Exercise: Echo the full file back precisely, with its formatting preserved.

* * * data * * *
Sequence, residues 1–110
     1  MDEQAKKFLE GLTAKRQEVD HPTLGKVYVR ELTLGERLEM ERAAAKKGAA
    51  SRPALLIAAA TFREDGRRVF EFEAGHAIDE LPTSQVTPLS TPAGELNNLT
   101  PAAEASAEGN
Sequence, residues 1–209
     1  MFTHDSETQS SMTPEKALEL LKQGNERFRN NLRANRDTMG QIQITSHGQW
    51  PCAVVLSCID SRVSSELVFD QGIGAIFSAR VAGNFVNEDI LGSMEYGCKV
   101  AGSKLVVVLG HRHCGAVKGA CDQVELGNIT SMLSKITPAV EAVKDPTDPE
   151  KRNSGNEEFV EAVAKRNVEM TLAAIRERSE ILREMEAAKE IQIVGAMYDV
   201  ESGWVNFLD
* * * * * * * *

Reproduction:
Sequence, residues 1–110
     1  MDEQAKKFLE GLTAKRQEVD HPTLGKVYVR ELTLGERLEM ERAAAKKGAA
    51  SRPALLIAAA TFREDGRRVF EFEAGHAIDE LPTSQVTPLS TPAGELNNLT
   101  PAAEASAEGN
Sequence, residues 1–209
     1  MFTHDSETQS SMTPEKALEL LKQGNERFRN NLRANRDTMG QIQITSHGQW
    51  PCAVVLSCID SRVSSELVFD QGIGAIFSAR VAGNFVNEDI LGSMEYGCKV
   101  AGSKLVVVLG HRHCGAVKGA CDQVELGNIT SMLSKITPAV EAVKDPTDPE
   151  KRNSGNEEFV EAVAKRNVEM TLAAIRERSE ILREMEAAKE IQIVGAMYDV
   201  ESGWVNFLD